by Marcus Turner
Playing music in a youth orchestra offers a host of opportunities, from performing to meeting peers who are equally as passionate about music, to preparing for auditions. Let’s take a closer look at how youth orchestras are set up and how they can help you if you’re a serious musician interested in possibly majoring in music.
Just the facts, ma’am
When considering a youth orchestra, you’ll want to first be sure you have all of your facts straight. For instance, does your instrument fit into the orchestra?
Most youth orchestra programs accept all standard orchestral instruments (violin, viola, cello, double bass, harp, flute, oboe, clarinet, bassoon, trumpet, French horn, trombone, tuba, percussion). While some orchestral repertoire uses saxophone, standard orchestras do not have a permanent saxophonist (though other opportunities exist in extracurricular wind ensembles where saxophones are needed).
Other things to consider include private lessons, which are often required to join a youth orchestra.
Your first audition!
Membership in a youth orchestra is typically based on an audition. This gives the conductor the opportunity to hear each member of the ensemble before deciding on the pieces the group will perform.
There are often a variety of orchestras available for students as they develop musically. For example, the Greater Boulder Youth Orchestra in Boulder, Colorado consists of three orchestras and one wind ensemble. Executive Director Brian Jack says, “For many of our youngest members, they’re about to complete Suzuki Book 2 and this is their first orchestra experience.”
Regardless of your age and playing level, your audition and the opportunity to receive feedback are invaluable as you decide whether music is the career path for you.
Upping the bar
As musicians develop technically, their ability to play more advanced music develops as well. Advanced youth orchestras offer students the opportunity to experience masterworks by composers such as Beethoven, Brahms and even Mahler. These experiences can be a wonderful complement to the education you receive through your school band or orchestra program and prepare you for an intensive musical education. In fact, according to Julie Strom, orchestra manager for the Denver Young Artists Orchestra, “Approximately 75% of graduated students move on to major or minor in music in college.” The chance to be around other students who share a passion for music-making often leads to lifelong friendships and connections for youth orchestra members as well.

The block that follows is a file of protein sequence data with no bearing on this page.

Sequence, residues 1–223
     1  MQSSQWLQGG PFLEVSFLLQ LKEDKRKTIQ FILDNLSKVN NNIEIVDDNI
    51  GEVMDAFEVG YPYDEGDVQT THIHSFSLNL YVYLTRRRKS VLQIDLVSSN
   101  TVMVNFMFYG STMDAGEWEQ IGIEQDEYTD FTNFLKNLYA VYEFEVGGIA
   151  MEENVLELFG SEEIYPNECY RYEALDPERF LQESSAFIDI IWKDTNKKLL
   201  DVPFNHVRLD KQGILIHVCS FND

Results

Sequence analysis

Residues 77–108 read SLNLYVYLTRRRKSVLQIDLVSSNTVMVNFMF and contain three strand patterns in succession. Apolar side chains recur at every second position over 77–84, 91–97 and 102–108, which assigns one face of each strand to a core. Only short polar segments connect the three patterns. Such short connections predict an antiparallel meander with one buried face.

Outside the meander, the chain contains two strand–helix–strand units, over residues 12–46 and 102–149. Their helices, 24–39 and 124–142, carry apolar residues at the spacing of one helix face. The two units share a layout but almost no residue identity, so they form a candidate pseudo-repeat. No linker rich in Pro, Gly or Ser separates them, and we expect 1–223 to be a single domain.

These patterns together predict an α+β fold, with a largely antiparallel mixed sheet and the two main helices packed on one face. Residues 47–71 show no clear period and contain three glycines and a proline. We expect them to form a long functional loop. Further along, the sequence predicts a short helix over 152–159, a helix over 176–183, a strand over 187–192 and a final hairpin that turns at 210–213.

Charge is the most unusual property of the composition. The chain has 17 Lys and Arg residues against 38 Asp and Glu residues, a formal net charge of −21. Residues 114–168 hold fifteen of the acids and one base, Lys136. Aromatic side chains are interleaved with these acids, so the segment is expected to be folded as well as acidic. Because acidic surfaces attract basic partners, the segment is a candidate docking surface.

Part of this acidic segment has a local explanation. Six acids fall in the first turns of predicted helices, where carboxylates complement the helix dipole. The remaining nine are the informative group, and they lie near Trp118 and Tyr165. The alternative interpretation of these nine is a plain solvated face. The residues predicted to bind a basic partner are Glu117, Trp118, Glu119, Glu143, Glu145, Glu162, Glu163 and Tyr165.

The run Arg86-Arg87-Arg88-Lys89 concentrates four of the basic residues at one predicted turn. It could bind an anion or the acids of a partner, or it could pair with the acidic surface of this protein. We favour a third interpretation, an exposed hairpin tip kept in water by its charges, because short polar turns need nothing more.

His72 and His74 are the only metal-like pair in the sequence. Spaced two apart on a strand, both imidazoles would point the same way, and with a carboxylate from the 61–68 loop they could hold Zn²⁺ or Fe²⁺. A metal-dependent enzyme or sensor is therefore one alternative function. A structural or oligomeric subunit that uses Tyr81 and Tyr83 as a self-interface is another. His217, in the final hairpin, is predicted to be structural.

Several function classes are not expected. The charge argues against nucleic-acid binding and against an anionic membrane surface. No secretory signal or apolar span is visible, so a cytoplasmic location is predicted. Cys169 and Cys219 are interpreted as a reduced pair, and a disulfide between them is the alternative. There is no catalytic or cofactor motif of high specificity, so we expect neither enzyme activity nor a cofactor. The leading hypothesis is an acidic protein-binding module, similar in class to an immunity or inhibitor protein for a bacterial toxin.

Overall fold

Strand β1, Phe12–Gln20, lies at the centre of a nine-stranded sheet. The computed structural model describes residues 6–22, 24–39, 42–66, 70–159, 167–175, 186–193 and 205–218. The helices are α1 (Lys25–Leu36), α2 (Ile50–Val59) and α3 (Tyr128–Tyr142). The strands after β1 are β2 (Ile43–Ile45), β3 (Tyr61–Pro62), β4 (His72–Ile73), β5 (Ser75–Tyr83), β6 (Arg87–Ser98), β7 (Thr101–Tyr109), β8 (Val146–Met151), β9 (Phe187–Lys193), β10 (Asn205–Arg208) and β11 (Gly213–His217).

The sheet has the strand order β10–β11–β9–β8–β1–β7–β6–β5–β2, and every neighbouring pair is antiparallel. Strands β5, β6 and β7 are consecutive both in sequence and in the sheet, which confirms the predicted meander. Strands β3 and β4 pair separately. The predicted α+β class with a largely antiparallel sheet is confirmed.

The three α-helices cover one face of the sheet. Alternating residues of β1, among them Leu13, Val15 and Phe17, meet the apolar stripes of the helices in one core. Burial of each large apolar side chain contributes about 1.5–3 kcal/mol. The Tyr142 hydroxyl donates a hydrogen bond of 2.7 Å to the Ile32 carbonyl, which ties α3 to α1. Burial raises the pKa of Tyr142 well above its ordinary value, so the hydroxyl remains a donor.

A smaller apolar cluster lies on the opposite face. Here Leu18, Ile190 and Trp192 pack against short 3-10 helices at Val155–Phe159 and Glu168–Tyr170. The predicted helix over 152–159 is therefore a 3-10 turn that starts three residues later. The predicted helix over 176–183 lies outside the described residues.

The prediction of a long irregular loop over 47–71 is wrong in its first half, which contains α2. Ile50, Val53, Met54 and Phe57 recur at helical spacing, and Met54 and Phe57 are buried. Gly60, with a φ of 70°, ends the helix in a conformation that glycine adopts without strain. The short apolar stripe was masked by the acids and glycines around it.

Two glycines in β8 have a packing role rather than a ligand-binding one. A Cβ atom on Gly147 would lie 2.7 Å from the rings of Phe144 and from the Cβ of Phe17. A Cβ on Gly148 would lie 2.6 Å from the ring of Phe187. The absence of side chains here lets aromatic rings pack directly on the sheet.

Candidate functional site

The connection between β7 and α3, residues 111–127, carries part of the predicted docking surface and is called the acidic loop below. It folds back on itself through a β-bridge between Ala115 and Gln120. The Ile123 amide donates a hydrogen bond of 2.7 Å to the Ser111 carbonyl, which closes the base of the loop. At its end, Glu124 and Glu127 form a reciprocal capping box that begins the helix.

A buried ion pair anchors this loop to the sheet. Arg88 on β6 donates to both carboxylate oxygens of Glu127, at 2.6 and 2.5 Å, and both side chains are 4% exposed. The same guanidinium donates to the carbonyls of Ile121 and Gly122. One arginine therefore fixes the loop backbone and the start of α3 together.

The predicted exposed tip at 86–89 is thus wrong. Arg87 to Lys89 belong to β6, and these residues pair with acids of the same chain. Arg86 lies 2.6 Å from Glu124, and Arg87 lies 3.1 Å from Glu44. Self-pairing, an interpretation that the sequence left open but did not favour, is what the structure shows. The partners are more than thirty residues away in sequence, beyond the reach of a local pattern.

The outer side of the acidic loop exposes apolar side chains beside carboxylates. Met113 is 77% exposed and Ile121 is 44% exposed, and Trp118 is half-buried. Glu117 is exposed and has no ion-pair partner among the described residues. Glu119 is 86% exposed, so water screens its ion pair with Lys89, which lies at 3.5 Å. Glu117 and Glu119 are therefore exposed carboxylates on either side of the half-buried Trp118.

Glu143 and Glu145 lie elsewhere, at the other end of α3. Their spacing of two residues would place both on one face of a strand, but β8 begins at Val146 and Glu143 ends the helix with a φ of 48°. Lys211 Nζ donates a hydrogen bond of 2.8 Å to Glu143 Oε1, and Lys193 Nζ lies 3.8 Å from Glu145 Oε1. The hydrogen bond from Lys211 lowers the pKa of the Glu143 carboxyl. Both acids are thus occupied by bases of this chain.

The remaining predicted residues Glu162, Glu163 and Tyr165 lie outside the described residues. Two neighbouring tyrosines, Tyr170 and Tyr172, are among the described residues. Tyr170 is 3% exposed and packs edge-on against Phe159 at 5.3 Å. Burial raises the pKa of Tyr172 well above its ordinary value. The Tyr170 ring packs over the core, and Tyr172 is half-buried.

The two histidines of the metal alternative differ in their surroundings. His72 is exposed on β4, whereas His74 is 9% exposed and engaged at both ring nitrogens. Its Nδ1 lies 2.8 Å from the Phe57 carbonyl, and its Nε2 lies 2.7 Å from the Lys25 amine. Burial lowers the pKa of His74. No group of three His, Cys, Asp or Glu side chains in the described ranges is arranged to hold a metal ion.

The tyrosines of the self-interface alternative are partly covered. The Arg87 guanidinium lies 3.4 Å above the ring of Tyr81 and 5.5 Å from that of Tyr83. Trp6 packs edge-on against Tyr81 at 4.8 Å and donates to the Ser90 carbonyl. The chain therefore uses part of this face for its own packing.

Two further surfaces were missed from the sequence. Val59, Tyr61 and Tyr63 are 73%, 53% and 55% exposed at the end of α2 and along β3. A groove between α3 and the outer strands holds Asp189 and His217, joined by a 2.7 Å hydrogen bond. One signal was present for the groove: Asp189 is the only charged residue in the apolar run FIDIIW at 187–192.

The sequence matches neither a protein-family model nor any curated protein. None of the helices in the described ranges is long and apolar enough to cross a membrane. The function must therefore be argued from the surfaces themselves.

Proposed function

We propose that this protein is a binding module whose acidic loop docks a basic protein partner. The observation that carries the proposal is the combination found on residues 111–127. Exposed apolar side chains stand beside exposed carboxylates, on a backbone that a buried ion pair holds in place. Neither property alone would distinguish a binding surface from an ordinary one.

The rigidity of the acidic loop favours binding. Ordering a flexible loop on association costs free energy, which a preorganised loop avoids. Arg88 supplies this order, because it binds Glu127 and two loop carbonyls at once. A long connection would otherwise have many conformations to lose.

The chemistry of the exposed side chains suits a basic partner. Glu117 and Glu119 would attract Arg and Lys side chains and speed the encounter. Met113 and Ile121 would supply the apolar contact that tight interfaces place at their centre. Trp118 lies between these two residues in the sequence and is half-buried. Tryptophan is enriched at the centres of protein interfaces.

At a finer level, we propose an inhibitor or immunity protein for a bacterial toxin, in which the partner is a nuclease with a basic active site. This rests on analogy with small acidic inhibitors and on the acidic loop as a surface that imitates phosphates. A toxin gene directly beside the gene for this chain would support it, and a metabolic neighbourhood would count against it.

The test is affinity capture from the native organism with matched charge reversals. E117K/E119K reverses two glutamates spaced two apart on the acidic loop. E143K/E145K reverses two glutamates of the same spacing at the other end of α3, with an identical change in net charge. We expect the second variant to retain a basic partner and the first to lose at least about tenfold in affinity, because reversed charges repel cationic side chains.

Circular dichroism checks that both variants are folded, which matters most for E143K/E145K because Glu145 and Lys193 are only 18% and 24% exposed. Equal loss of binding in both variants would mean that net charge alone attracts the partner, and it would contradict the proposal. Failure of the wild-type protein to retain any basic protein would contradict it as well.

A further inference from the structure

While the positive experiences that students gain from youth orchestra membership are vast, parents and families often wonder about the costs involved. More and more youth orchestras have begun to incorporate accessibility into their planning to encourage more students to participate. The Youth Orchestras of Fresno, a program based on the El Sistema Model, run an “Accent on Access” program designed to offer students free after-school violin lessons. Many of these students end up joining the youth orchestras after developing their skills. In addition to programs like these, youth orchestras often offer “need-based” scholarships to assist families with the cost of participation.
Putting in the hours
Being a member of a youth orchestra, as with any team or club, involves a significant time commitment. If you are taking private lessons, playing in your school band or orchestra, and participating in a youth orchestra, you may find that your practice time needs to be increased to keep up. Additionally, rehearsals may take place on weekends or evenings when all students are usually available. Missing even one rehearsal can have a major impact on the success of the orchestra.
While this may seem overwhelming, the experience can be viewed as preparation for college, where deadlines, finals, papers and practice all must go together in harmony. “Regardless of their college majors,” says Brian Jack of the Greater Boulder Youth Orchestra, “all students can benefit from the skills used in youth orchestra, including teamwork, concentration, prioritization, practice, and much more.”
Outside the (conductor’s) box
While youth orchestras can perform standard orchestral repertoire, these organizations may also run special programs. The Chicago Youth Symphony, in addition to its large orchestras, offers a jazz orchestra and steel pan orchestra. The South Bend Youth Symphony includes a special chamber music program that brings students out into the community performing small concerts at bookstores, nursing homes and restaurants.
Youth orchestras create a community in which musically-inclined students can thrive. Regardless of whether you go on to study music, chemistry or engineering, a youth symphony experience can be a positive guiding force in socialization and development.
If you are considering joining a youth orchestra, here are some questions to ask:
• Do they take my instrument? If not, is there another program I could join that does take my instrument?
• When are rehearsals? Can I fit them into my schedule?
• What does the audition entail? When are auditions held?
• What is the cost of tuition? Are scholarships available?
Once you have answers to these questions and are ready to move forward, you will join a community unlike any other and take one more step in preparing to major in music if that’s your goal.
Courtesy of Denver Young Artists Orchestra, photography by Doug Zimmerman.
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